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Poutine: No dog’s dinner

By Noli Dinkovski

- Last updated on GMT

Poutine: The classic combination is chips, gravy and cheese curd
Poutine: The classic combination is chips, gravy and cheese curd

Related tags: Cheese

On first glance, poutine resembles little more than a pile of food leftovers ready for the bin. But for many Canadians at least, the chips, gravy and cheese curd combination is, in fact, a culinary treat.

And, as is so frequently the case, a dish popular in a faraway part of the world is now starting to make its way onto the menus of pubs and restaurants in London.

It’s perhaps no surprise the Canadian pub the Maple Leaf, in Covent Garden, was one of the pioneers of poutine in the capital. It offers the dish as a starter for £4.49.

Hawksmoor’s Spitalfields outlet has also had the dish on its menu for some time now. Its pig’s head poutine can be ordered from the bar area for £8.

Pop-up poutine

More recently, poutine has appeared on a number of pop-up concepts. Dalston bar Birthdays has collaborated with Brick Lane stall the Poutinerie to create Stacks Poutine, which offers a number of variations of the dish.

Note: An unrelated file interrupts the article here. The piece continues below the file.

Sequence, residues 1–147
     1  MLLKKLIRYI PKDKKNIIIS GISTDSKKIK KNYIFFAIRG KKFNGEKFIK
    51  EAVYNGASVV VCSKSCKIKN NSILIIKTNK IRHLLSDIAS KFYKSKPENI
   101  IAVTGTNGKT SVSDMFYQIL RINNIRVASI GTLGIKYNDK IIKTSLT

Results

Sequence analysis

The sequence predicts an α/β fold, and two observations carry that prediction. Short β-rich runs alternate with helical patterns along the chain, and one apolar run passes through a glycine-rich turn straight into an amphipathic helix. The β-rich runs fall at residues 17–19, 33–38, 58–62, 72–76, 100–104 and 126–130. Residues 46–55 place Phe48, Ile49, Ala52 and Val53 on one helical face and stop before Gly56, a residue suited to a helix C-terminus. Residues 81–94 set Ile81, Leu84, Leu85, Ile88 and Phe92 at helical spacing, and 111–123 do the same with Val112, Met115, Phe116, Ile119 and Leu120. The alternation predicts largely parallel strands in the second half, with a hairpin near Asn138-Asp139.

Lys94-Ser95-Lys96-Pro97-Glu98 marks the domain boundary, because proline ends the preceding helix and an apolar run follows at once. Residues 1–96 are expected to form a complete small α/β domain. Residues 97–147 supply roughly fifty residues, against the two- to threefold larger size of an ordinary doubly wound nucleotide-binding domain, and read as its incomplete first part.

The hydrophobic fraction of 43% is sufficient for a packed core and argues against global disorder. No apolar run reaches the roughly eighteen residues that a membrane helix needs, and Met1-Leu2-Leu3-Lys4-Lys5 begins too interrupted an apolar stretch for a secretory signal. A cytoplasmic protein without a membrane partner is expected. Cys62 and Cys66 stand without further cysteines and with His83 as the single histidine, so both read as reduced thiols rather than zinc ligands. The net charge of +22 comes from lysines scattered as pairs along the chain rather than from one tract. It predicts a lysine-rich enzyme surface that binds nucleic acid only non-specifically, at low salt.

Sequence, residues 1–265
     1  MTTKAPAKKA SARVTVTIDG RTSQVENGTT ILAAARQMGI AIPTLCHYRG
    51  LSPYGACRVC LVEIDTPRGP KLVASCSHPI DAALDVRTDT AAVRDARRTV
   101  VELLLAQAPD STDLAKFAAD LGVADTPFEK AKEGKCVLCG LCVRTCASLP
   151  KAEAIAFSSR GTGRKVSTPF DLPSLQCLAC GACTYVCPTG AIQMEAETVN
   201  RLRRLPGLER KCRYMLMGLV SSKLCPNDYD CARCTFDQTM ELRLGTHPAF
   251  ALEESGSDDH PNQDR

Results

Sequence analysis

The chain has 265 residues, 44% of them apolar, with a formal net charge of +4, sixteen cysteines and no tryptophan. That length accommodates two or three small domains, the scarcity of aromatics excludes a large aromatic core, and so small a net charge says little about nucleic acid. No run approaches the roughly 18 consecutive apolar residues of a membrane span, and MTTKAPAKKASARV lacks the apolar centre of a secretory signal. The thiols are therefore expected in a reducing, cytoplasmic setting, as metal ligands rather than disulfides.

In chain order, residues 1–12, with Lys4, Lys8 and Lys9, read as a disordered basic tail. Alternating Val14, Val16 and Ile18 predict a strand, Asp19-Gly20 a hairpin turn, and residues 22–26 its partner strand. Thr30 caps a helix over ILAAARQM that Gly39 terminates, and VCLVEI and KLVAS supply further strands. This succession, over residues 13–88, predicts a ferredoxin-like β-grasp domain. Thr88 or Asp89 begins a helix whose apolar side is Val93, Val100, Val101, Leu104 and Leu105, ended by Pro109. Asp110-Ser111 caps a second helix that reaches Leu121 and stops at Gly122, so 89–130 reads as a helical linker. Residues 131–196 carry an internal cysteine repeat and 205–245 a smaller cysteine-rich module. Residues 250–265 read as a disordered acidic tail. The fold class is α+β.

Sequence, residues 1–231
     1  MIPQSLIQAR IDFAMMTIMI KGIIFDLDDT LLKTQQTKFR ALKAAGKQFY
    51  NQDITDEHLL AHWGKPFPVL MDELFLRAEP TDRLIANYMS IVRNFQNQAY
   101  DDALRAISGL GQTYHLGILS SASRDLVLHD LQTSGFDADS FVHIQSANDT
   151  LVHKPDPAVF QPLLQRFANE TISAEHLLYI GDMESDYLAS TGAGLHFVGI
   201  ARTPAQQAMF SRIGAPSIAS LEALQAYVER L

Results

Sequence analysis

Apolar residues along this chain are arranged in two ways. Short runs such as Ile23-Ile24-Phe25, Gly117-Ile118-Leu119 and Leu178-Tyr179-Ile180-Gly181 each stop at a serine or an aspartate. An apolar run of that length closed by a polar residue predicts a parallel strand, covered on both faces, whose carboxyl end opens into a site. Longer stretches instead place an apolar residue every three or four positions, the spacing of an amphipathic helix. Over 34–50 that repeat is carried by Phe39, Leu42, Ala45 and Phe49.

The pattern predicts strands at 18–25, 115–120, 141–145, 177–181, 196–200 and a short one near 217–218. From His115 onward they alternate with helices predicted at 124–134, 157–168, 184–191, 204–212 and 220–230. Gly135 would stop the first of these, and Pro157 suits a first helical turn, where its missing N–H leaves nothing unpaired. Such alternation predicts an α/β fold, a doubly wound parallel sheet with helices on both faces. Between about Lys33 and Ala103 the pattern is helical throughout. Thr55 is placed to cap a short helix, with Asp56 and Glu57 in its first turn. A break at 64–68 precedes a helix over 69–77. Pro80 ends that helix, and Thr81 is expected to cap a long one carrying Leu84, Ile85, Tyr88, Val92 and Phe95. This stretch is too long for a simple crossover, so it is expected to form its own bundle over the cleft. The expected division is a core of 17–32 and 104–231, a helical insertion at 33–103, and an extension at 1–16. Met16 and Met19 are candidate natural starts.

In addition to Classic Poutine (£5), there is the option of adding pulled pork (£7), or smoked bacon, sour cream and spring onion (£7).

The crispy shallot and mushroom variation, suitable for vegetarians, is also £7. Coq an Vin, meanwhile, retails at £7.50 – as does the Cheeseburger Poutine, which includes grilled beef patty, cheddar cheese and gherkins.

A variety of extra toppings, such as sour cream, kimchee, house slaw and bacon, can be ‘stacked’ onto any of the dishes for an extra £1.

While London is leading the way, poutine has appeared in other cities as well. Glasgow burger joint Bread Meets Bread has three poutine options on its menu. Classic Poutine retails at £4, while both extra cheese and sweet potato fries options are £5.

A number of extra toppings are available.

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